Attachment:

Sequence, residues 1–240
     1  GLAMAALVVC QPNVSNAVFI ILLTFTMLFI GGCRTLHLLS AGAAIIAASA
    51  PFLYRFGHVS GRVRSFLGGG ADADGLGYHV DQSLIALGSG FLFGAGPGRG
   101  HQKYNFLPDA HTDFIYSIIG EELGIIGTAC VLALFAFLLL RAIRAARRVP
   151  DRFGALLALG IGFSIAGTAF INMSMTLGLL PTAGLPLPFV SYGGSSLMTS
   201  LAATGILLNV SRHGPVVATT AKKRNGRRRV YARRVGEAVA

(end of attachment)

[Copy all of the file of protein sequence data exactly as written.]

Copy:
Sequence, residues 1–240
     1  GLAMAALVVC QPNVSNAVFI ILLTFTMLFI GGCRTLHLLS AGAAIIAASA
    51  PFLYRFGHVS GRVRSFLGGG ADADGLGYHV DQSLIALGSG FLFGAGPGRG
   101  HQKYNFLPDA HTDFIYSIIG EELGIIGTAC VLALFAFLLL RAIRAARRVP
   151  DRFGALLALG IGFSIAGTAF INMSMTLGLL PTAGLPLPFV SYGGSSLMTS
   201  LAATGILLNV SRHGPVVATT AKKRNGRRRV YARRVGEAVA